Critics, perhaps more than anyone, should know fair use. It’s impossible to review a book, movie, or a video game without using text or images from that same copyrighted work—that’s why fair use is so critical to free speech.
So a professional critic is the last person you’d expect to use copyright to try to squelch someone else’s fair use rights. But that’s exactly what happened last month, when James Grubb, a journalist from VentureBeat, used the Digital Millennium Copyright Act (DMCA) to censor a critic just for highlighting a few paragraphs of his work on Twitter.
On May 2, VentureBeat’s gaming section published Grubb’s review of a forthcoming video game, Red Dead Redemption II. His opinions on the game weren’t shared by everyone, which is no surprise. Another video game critic, Jake Magee, took a shot at Grubb on Twitter, suggesting he only liked games that contained “progressive political posturing.” Alongside that criticism, Magee posted screenshots from Grubb’s review—his goal was to show his followers the text that, as he saw it, supported his point.
That was apparently too much for Grubb, who promptly sent a DMCA notice to Twitter over the matter. Twitter soon slapped black boxes over the images that Magee had posted. It wasn’t until several days later that the boxes were removed and the post was restored.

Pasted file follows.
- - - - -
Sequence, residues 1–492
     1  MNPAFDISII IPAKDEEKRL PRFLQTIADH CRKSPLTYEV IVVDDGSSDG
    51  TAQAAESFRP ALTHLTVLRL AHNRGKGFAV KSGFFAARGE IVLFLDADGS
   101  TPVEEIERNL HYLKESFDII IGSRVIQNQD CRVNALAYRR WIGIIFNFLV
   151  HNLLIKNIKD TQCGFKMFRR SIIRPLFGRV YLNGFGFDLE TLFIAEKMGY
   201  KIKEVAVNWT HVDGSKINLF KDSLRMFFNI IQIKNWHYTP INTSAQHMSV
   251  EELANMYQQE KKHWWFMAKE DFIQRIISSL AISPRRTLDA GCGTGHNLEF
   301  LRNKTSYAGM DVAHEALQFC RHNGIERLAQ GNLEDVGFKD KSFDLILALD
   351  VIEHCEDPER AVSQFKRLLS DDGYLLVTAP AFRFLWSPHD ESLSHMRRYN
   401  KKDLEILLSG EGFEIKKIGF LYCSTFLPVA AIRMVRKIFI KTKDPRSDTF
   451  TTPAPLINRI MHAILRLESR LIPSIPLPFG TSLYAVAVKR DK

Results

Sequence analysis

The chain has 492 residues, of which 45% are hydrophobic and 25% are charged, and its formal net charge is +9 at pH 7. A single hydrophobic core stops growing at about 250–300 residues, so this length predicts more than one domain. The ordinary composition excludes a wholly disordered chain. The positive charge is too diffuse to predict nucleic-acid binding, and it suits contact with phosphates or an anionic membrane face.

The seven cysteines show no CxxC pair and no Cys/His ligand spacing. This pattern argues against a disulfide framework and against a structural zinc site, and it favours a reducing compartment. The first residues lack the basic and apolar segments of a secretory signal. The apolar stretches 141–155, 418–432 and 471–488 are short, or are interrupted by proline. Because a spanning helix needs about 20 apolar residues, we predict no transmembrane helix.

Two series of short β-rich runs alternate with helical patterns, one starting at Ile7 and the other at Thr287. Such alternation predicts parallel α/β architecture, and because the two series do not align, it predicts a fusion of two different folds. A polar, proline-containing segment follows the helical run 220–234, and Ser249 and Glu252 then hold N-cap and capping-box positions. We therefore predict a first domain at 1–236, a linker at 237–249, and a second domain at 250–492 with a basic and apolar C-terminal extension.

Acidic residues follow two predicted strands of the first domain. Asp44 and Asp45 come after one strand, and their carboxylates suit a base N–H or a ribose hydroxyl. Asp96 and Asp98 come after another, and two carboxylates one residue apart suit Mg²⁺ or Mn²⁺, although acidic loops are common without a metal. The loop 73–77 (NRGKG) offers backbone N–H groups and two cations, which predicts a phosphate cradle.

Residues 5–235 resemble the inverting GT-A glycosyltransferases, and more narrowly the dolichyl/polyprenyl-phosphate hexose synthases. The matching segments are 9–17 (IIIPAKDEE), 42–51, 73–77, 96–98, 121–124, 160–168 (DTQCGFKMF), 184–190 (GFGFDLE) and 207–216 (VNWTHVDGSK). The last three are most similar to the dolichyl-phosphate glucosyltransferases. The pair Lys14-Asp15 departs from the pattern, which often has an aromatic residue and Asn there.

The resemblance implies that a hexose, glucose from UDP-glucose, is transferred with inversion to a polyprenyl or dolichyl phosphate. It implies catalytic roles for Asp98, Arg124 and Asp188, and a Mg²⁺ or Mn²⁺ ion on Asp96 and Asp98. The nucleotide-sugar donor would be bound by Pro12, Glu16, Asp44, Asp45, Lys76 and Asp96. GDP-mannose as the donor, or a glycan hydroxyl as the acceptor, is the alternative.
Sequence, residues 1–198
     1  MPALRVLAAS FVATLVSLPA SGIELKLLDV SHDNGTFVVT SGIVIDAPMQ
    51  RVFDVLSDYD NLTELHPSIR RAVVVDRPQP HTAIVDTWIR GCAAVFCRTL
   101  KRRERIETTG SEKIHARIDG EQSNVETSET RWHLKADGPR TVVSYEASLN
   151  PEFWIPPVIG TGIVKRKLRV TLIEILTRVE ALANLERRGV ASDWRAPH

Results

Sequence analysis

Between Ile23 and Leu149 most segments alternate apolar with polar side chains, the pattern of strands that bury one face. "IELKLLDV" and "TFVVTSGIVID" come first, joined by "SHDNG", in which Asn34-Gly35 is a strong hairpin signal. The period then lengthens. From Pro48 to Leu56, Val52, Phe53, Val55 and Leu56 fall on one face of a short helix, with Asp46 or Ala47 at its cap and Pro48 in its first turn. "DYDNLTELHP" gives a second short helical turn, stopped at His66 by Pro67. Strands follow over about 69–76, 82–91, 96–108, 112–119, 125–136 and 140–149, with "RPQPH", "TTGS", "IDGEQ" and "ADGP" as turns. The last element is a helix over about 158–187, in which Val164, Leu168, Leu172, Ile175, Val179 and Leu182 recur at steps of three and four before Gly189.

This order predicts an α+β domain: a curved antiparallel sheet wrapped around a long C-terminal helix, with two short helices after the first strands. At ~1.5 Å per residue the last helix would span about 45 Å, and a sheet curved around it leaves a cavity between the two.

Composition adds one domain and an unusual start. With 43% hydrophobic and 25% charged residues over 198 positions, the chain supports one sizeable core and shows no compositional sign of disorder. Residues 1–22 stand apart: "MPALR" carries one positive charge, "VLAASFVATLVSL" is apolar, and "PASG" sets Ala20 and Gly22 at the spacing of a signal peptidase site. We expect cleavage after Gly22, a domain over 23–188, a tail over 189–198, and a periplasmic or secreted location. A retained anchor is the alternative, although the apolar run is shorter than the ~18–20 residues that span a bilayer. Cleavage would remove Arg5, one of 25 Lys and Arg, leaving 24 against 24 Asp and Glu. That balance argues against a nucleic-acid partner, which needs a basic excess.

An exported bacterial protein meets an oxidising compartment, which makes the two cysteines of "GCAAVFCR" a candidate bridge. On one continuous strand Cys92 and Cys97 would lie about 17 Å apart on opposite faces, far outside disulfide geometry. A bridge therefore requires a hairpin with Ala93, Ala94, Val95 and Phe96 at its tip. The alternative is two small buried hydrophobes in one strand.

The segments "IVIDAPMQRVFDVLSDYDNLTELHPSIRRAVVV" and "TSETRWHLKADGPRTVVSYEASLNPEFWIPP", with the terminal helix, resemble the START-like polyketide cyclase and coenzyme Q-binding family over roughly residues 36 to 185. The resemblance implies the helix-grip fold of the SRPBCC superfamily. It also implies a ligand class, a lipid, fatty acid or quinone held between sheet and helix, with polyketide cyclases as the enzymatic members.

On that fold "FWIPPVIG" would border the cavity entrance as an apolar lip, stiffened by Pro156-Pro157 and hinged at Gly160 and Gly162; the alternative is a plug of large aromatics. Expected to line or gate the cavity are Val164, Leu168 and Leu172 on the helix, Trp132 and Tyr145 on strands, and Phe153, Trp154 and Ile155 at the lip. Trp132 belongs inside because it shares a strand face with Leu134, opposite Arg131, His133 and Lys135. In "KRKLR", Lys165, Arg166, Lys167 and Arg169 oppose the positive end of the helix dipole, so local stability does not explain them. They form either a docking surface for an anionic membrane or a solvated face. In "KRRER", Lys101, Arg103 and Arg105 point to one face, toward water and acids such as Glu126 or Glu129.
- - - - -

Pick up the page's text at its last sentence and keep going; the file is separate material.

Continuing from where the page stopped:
How Much is Too Much?
What justified this copyright takedown, in Grubbs’ view? First, Grubb said that Magee posted his entire article in a screenshot, a post which, in his view, “crosses the line of acceptable fair use.” Grubb also suggested that he wouldn’t have taken legal action if Magee had simply included a link to his article.
This was wrong on all counts. First of all, as a factual matter, Magee had only posted a few paragraphs of the story. (Grubb later said he made a mistake in this regard). Second, even using an entire work often can be fair use. The four-part fair use test balances a variety of factors, including the nature of the use and the effect on the copyright holder’s market. It does not focus solely on measuring the proportion of the work used. When courts do consider the amount used, they look to context. A critic might need to use a higher percentage of a poem or a photo, say, than a novel.
The fair use case law bears this out. In Katz v. Chevaldina, for example, a court found that a blogger’s re-publication of a photo was fair use. In 2014, a New York appeals court upheld Bloomberg’s publication of an entire transcript of a confidential phone call, in Swatch v. Bloomberg. Other examples abound, including Going back further, in the 1992 case Sega v. Accolade, a court found that use of an entire software program can be fair use (in that case it was for the purpose of reverse engineering).
Finally, while linking to the work one is discussing is a common practice online, there’s no obligation for anyone to do so.
Journalists and critics should know the basics of fair use. It’s a right that their work relies on. At the very least, before a professional critic uses the DMCA to have another critic’s material removed, a double-take is needed on fair use.
Because that didn’t happen here, we’re adding the VentureBeat Twitter incident to the EFF Takedown Hall of Shame.